We have real products and real traction. But really, all great companies, especially in the technology space start out as concept plays. Without the process of ideation and the ability to capture opportunities of worthwhile problems for targeted segments, you will have little to go on.

Green Packet began as a software solutions for enterprise in 2000. From there, we grew into an international provider of connectivity devices and wholesale voice – these staple businesses still generate healthy revenues. After that, it was P1. We captured 40% of market share very quickly and broke a local record for fastest telco to be operationally profitable. It went great until large global telcos decided to go with LTE and hence suffocated the WiMAX device ecosystem. But we survived that episode and divested P1 in 2015.

After stabilising the business, we began to make a big push into digital services and fintech in particular in 2017. The kiple wallet powers all of the other kiple brands, each working up to be the strongest player in their selected verticals. Our target is not unrealistic. We know our route to profitability and in spite of future focused investments, we have a healthy balance sheet.

Can you elaborate a bit more about Green Packet’s aspirations to become a digital bank?

Our ambition is to be a digital financial institution, which can take many shapes and form. All I can say is, if Malaysia issues the licence, we are going for it.

With Green Packet’s focus on digital solutions, how do you see the development of the group’s solutions and communications businesses?

Solutions and communications are profitable businesses but we don’t expect very exciting growth from these pillars. However, we just came out of our AHA session with inspiring ideas for these two business segments. AHA stands for Annual Hypothesis Assessment -- something we started this year for a more robust annual operating planning process. I challenged the team to grow 10 times but it’s too early for me to share more.

The Communications pillar has launched our Mobile Virtual Network Operator (MVNO) business this year for Singapore’s migrant market. We are on track to develop a super app for the migrant community to help them save, grow and send money home.

Green Packet started many new business ventures in the past two years. Can you describe how these startups operate in a corporate environment?

I always say that working with Green Packet is saying yes to exciting growth and opportunities that you won’t get elsewhere. The businesses that are launched into the market have four new CEOs from my senior leadership team. Guided by our big picture ambition, they really have a free hand in crafting out their own business opportunity. They are modestly funded like how startups should be funded and they can leverage corporate shared resources like finance, human resources, technology centre of excellence, legal and regulatory, as well as marketing. Help is lean, considering that the shared resources support so many businesses. But that’s fine, as they are all just coming into product market fit and preparing for scale. It is okay to be scrappy during the early validation stage but once they are ready, we will properly allocate resources to support their growth.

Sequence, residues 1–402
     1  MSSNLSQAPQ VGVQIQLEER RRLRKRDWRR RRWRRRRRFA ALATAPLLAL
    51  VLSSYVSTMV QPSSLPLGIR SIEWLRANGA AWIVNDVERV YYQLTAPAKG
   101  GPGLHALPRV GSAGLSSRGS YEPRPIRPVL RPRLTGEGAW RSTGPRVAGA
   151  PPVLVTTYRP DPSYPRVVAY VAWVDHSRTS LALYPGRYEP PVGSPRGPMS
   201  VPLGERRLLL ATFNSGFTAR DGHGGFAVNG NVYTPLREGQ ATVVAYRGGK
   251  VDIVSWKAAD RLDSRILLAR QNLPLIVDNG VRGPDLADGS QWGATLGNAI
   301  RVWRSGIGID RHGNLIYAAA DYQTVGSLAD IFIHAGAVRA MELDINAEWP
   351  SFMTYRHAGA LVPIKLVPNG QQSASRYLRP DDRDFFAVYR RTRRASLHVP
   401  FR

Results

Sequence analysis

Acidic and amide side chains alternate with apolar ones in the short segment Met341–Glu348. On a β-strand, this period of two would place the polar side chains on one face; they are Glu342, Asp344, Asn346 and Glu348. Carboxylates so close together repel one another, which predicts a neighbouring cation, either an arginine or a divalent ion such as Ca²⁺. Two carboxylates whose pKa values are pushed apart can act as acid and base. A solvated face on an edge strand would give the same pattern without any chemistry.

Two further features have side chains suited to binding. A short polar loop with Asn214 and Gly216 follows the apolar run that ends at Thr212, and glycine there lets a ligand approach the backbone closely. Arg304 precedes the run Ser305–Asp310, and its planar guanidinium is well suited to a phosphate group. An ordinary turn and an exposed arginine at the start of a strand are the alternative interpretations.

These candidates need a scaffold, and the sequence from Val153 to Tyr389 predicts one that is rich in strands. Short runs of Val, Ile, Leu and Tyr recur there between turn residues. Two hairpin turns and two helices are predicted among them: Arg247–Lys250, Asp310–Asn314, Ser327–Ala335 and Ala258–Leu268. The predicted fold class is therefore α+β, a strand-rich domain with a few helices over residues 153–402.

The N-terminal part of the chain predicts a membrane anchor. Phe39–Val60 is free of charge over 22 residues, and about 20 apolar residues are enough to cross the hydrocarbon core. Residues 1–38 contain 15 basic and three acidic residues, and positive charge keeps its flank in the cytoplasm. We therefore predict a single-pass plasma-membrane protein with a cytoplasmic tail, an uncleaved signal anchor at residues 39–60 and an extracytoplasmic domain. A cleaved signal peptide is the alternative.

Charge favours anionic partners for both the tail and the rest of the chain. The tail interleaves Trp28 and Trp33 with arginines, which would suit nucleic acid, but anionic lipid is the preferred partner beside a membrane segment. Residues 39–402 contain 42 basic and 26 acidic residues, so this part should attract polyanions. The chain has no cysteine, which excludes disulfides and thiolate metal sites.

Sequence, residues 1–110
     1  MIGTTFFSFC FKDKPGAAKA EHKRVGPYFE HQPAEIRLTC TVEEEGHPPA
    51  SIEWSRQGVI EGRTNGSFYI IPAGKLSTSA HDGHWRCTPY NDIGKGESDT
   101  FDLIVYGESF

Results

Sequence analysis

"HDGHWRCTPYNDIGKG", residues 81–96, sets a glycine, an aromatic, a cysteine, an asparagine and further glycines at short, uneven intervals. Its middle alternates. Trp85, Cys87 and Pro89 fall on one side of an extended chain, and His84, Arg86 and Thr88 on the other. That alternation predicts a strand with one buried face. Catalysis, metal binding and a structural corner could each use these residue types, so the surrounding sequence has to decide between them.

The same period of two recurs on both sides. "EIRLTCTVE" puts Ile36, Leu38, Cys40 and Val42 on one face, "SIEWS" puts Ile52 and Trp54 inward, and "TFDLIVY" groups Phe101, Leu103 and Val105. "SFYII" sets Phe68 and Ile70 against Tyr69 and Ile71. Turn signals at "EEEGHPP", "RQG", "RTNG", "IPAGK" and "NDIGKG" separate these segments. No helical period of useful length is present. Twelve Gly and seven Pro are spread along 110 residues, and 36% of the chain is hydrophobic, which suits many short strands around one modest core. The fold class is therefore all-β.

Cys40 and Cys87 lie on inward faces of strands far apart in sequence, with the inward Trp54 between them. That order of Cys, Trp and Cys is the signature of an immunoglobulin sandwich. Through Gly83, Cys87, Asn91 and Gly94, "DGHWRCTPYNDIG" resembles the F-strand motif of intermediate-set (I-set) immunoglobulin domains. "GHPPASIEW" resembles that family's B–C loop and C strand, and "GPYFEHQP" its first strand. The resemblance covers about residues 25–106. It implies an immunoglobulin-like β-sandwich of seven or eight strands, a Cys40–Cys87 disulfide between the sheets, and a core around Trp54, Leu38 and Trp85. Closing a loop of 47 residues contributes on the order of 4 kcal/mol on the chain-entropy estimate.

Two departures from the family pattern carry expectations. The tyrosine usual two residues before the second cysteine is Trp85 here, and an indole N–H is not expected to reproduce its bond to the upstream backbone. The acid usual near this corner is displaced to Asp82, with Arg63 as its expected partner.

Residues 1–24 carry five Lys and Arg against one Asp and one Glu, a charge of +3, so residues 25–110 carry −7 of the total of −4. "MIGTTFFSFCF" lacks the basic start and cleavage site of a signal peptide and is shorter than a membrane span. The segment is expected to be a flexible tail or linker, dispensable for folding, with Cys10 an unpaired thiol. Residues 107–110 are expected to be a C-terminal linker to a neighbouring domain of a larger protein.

Fintech, AI, IoT – is the time ripe for all these frontier technologies and in Malaysia?

Absolutely! Practical real world applications using these technologies are abound. Just google it and you will find lots of examples. Digital payment, blockchain, machine learning, artificial intelligence, and connected things – we must adopt them without delay because they can significantly enhance a country’s competitiveness. Unfortunately, as a country, we are lagging.

That is why initiatives such as the AI park is hugely significant for Malaysia’s development because it will play the role of advanced technology enabler. Industries need to understand, experiment and apply new technologies in order to spike productivity and quality as well as reduce costs over time. More importantly, we have serious work to do to fill the talent gap and development pipeline. Additionally, the education sector needs to quickly inculcate useful AI and emerging tech syllabi. This is why G3’s teaming up with global AI leader SenseTime is so important.

What are some key strategic imperatives for Green Packet in 2020?

The year 2020 is a hallmark one for us as Green Packet will turn 20. The theme for next year is definitely growth. Not growth for the sake of growing, but growth that get our validated products out to more people who will appreciate the benefits. We will be “blitz scaling” the frontrunners in the portfolio while getting the rest ready. I am feeling confident about next year because we are well prepared. Next year is a big year and we would want to get more awesome people to say yes to growing with Green Packet.

Read more at https://www.thestar.com.my/business/business-news/2019/10/05/hitting-the-bulls-eye-on-top-a-galloping-horse